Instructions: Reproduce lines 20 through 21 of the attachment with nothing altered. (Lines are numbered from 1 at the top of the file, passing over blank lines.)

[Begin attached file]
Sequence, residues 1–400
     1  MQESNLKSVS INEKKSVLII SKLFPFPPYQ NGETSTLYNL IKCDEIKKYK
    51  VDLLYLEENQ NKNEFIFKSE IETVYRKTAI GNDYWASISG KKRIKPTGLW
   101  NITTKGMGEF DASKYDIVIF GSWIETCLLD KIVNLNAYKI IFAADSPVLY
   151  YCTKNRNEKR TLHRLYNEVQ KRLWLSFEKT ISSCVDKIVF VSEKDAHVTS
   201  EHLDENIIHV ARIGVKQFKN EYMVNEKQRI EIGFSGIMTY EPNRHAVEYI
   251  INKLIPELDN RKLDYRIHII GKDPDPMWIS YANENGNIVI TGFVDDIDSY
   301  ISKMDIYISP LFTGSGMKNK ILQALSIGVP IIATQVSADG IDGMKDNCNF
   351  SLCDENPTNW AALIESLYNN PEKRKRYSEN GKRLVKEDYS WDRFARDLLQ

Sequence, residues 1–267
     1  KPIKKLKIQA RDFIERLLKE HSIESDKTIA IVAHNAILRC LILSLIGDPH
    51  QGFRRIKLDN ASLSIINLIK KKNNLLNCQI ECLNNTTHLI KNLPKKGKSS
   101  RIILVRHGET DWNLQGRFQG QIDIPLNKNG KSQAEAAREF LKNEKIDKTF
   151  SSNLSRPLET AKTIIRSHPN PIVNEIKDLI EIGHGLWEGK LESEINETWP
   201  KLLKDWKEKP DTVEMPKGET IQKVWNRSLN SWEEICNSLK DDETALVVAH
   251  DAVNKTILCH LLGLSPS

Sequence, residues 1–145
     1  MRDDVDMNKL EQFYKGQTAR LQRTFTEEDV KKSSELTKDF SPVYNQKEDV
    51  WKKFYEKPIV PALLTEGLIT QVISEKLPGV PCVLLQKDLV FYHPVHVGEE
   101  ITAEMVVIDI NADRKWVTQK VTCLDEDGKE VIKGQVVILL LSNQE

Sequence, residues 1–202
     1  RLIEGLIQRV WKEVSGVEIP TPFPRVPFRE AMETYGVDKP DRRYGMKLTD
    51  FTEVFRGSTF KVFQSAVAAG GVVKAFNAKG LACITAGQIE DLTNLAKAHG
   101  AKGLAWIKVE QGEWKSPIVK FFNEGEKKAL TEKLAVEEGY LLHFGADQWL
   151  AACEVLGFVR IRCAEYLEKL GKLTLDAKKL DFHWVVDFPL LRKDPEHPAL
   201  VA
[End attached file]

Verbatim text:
   101  ITAEMVVIDI NADRKWVTQK VTCLDEDGKE VIKGQVVILL LSNQE

Sequence, residues 1–202